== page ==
In 2002 and 2005, two surveys were conducted in poor areas of North and Northeast Brazil to evaluate prenatal care received by mothers of children under five years old. The study covered 1,528 and 1,529 children in 2002 and 2005, respectively. In this three-year period, maternal schooling and monthly family income increased by 1.5 years and US$ 50.00, respectively, availability of safe drinking water increased from 23% to 41%, the proportion of pregnant woman with six or more prenatal visits increased from 42% to 52%, and immunization against neonatal tetanus increased from 54% to 77%. Coverage of uterine height evaluation increased from 54% to 77%. Testing for HIV and syphilis virtually doubled, from 8% to 16%. Meanwhile, gynecological examinations dropped from 41% to 31% and counseling for breastfeeding decreased from 66% to 55%. Despite improvements, the study's results show that the target indicators in these areas fall short of those in more developed regions of Brazil. Efforts should be made to reduce this gap.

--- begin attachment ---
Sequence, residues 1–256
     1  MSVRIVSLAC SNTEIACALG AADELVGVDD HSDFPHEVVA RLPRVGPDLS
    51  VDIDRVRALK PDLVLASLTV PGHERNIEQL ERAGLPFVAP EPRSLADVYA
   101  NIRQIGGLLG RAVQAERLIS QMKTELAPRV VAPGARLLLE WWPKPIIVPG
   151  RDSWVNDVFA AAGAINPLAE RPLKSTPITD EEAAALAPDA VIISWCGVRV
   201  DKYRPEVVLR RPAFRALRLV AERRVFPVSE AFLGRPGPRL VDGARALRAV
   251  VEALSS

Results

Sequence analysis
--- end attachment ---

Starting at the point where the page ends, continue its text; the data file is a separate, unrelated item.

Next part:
Delivery of Health Care; Pregnancy; Parturition; Maternal and Child Health